One of those circumstances is my collaboration with Ian on the challenging coachingproject over the past five years. In that time, we have come to know each other very well. Some say we are like a married couple! There are days when we bicker and when we get on each other’s nerves and when we notice each other’s familiar failings. On the other hand, there are also times when we giggle at a private joke or we touch upon a shared insight that comes from labouring long over a shared passion. It is easy to take each other for granted but today I say thank you Ian for being who you are and for sharing this part of my journey with me. Amongst many things, I am grateful for your listening, your lack of judgement, your challenges, your family values and the way you always bring a printed map with you when we go to meetings and conferences together. That is very helpful.

So how do we practice cultivating an attitude of gratitude? There are many and varied ways to do this. For myself, each night I write a gratitude prayer on my iPad. I picked up this idea from reading the wonderful book ‘Conversations with God’ many years ago. I remember it talked about not petitioning God with prayers for what we want but thanking Him for what we already have. As a Christian, this is my gratitude ritual but there are many other ways of building gratitude into a daily routine that do not need a religious faith. For example, one of my clients sits round the dinner table with his wife and two sons each day and they ask each other the question – ‘What are the three things that have gone well for you today?’ The power of these daily routines is that the gratitude mind-set is like a muscle. Like any muscle, it needs to be exercised and when exercised on a regular basis it grows stronger and more powerful. It then becomes a muscle that can sustain us through the ups and downs of the journey ahead.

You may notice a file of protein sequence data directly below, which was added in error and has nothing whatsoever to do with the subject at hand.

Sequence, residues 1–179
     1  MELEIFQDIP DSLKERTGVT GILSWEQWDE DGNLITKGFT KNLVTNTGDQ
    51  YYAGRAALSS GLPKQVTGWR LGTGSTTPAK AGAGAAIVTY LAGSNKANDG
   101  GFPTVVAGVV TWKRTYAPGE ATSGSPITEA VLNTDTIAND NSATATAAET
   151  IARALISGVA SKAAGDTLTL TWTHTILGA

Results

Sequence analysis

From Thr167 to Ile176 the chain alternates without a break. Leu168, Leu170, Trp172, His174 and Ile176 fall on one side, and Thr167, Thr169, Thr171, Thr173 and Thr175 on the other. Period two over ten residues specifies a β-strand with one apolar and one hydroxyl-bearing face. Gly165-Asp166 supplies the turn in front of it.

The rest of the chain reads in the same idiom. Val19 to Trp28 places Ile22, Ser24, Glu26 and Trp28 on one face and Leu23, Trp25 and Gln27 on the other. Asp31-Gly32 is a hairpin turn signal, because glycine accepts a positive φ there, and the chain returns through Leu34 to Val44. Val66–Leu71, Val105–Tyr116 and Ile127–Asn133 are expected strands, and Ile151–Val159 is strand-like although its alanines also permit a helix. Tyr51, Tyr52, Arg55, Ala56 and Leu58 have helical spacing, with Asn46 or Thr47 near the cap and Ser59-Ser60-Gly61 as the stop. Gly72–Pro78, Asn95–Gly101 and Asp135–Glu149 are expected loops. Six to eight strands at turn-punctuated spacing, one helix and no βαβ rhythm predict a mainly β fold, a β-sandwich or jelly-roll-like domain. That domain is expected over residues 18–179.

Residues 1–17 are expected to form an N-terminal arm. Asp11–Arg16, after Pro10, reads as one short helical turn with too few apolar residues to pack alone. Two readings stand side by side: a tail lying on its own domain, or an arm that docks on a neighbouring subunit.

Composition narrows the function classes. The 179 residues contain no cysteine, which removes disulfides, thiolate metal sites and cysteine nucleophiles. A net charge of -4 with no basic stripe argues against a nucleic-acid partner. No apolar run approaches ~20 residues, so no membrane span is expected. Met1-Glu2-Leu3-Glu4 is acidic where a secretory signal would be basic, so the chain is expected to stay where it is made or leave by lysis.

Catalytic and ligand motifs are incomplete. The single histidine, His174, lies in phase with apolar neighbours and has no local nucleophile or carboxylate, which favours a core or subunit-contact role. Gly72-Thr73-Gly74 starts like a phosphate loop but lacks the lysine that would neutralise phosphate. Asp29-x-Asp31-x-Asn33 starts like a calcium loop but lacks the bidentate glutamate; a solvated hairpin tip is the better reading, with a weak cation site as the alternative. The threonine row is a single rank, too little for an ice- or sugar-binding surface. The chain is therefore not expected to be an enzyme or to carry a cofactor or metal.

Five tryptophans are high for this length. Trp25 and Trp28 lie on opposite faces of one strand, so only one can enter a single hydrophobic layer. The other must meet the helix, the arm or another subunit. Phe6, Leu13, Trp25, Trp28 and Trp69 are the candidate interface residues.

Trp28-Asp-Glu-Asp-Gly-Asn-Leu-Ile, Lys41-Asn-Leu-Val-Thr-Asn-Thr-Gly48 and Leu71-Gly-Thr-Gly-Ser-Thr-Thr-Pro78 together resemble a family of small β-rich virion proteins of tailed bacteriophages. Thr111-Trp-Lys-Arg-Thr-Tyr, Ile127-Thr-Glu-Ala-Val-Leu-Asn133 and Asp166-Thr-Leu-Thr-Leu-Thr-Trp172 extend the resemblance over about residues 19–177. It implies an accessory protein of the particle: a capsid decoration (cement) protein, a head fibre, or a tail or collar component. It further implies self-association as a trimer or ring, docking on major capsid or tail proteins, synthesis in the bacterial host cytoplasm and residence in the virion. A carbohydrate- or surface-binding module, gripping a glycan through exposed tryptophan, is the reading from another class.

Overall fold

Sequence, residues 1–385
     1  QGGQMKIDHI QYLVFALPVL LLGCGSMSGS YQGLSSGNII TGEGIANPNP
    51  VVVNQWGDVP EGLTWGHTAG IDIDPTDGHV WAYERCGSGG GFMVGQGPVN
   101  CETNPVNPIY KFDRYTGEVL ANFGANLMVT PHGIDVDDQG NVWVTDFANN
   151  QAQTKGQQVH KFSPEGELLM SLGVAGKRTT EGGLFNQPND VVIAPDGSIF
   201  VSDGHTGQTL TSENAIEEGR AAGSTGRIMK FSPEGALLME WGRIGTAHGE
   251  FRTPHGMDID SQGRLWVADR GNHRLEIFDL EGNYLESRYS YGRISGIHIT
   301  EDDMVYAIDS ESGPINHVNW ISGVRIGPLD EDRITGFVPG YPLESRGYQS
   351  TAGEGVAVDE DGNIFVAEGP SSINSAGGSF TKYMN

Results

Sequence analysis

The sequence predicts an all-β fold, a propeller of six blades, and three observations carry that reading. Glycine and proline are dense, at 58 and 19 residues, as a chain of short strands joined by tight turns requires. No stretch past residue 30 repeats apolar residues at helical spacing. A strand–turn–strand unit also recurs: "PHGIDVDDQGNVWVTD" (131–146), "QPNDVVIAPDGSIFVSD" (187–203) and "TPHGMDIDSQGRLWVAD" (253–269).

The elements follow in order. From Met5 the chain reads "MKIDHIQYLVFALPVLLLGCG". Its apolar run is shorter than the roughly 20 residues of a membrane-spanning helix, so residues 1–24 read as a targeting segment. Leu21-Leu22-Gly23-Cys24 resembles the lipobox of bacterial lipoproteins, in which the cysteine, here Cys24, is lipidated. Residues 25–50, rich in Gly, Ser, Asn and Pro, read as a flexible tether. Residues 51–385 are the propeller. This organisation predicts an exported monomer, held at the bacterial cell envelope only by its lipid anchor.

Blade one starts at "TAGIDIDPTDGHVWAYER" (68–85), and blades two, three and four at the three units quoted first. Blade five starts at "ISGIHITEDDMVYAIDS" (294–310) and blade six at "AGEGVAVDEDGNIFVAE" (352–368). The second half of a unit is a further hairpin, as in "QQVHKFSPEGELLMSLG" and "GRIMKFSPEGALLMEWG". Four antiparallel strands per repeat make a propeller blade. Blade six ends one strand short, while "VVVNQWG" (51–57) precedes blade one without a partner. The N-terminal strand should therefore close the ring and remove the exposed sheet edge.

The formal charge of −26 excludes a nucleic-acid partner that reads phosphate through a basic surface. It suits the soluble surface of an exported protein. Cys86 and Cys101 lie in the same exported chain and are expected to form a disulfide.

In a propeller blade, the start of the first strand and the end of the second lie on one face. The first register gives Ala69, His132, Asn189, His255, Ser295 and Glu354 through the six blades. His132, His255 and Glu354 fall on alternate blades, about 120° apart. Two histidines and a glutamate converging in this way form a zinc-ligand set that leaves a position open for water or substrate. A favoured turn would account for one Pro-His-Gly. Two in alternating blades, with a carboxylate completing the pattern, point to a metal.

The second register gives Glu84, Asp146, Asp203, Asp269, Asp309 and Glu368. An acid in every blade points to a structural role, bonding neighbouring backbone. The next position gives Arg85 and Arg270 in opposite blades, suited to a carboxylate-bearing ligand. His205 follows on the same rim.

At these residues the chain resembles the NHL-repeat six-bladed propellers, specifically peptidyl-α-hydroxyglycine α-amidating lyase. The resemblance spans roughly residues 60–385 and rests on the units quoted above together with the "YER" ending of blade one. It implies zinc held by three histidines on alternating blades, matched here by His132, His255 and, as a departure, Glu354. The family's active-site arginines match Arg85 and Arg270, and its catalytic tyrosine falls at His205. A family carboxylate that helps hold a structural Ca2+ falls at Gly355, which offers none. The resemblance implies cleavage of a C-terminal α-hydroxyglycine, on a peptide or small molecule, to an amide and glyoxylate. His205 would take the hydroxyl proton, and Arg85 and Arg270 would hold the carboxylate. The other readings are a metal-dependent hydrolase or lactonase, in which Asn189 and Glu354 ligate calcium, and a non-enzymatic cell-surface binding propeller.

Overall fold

Another technique for cultivating an attitude of gratitude is to contemplate the following question – what is the opposite of taking something or someone for granted? Our instinct might be to flippantly reply that the opposite is ‘not taking something or someone for granted’ but this is a cop-out in my opinion. Far more useful for informing our behaviour is a positively-framed statement such as ‘not taking someone or something for granted is when you declare them or it to be special in public’. To do this takes courage for it is a form of showing vulnerability and it exposes you to potential judgement and ridicule. As we would say in our book, It is another way of speaking our truth. Or as William Ward puts it ‘Feeling gratitude and not expressing it is like wrapping a present and not giving it’.

So, dear reader, as we enter into the Christmas period, let me work my gratitude muscle some more by publicly thanking you for engaging with our blog throughout this year. Like my colleague Ian, you are special. I do not take you for granted for without a reader this blog wouldn’t be worth writing. I hope I have inspired you to exercise your gratitude muscle over the coming holiday period, to speak your truth, to wrap your gratitude presents and to give them freely in recognition of all that is special in your life. Happy Xmas to one and all!

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